As I write, coyotes are howling from just outside the trailer door. Boon is foofing his warning bark at me, and Annie is pacing the hallway. My fingers are frozen from walking the dogs just a minute ago, our paths almost crossing with their yipping cousins.

A part of me wants to stand outside on the stoop and echo their calls back to them into the night and across the flats until my voice reaches the 11,300-foot peak above me – giving my mournful and wild cry as I ready to leave this place, my tiny, lonely abode in the beautiful desert. In a few weeks, I will trade its blue vistas, orange sunsets, moonrises, friendly cottonwoods, jagged, stark outlines, and crisp, crisp light for the city – a gloried but unfamiliar place of streets and 90-degree angles and so many people.

People to kiss, though! And laugh with! And to photograph! – some like I did at Halloween and its following days of souls and saints.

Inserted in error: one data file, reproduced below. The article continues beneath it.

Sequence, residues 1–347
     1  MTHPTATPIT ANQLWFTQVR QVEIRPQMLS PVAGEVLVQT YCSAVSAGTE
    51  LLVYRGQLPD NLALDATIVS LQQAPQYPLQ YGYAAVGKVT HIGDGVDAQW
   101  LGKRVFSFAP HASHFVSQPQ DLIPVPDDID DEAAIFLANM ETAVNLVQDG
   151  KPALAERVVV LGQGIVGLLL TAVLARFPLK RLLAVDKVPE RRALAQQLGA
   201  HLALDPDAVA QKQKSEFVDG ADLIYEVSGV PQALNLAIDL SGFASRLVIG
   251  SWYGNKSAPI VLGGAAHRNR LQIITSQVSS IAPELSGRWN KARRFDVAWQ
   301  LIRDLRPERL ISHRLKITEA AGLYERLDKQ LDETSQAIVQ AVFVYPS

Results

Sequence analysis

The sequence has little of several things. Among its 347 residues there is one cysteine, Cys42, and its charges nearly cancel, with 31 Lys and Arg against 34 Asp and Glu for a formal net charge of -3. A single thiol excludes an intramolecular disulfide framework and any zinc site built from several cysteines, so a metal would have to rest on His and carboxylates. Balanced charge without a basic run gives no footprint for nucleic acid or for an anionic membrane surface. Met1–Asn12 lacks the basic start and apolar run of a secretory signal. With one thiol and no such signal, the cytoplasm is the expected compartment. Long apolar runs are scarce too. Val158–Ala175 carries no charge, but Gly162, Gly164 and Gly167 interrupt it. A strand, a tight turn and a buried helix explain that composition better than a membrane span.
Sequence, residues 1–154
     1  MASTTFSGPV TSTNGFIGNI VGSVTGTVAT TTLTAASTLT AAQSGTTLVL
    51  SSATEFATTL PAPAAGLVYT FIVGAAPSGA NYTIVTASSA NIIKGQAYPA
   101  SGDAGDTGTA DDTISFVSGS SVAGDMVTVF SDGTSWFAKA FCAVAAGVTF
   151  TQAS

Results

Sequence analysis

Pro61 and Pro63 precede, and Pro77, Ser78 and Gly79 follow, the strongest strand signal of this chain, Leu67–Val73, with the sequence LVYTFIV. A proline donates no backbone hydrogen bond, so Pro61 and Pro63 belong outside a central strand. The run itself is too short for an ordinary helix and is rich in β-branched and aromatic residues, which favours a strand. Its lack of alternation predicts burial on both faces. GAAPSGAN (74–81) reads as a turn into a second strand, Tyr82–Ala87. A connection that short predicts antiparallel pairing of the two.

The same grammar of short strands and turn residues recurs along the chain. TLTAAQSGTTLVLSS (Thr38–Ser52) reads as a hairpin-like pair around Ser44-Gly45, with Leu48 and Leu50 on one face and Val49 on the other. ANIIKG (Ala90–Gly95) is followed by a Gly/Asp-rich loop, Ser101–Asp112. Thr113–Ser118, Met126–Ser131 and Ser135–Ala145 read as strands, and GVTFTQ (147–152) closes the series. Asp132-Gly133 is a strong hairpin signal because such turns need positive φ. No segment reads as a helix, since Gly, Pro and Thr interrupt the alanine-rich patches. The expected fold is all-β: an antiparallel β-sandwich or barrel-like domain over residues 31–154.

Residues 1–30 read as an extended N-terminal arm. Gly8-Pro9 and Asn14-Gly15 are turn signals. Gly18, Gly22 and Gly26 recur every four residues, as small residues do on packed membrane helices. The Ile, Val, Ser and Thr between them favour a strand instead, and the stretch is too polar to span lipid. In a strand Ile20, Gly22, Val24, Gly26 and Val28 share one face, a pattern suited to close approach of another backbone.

There is a great dichotomy between New Mexico and the East, two places that are both so different and so loved. One is fairly empty and filled with wind, one is very full and empty of sky.

My heart is here in this enchanted desert – always – and my soul sickens if I am away from it too long. But my heart’s keepers – most of my family, most of my friends, the core loves in my life – are not here. And so I am torn. I move back and forth between them, now swinging away from the west towards a place where the lights twinkle and shine below where I’m used to them blinking – from windows and buildings reflecting under an orange, glowing expanse, not sprayed like fireflies across a high, black one after the sun goes down in its own blaze of orange.

At best, I clutch the hope that one day, I’ll live in the open again and have a career that allows me to fly away east whenever I want to smile at and kiss everyone.

I miss everything all the time. I love you.

Be well.



Your email is never published or shared. Required fields are marked *



There was an error submitting your comment. Please try again.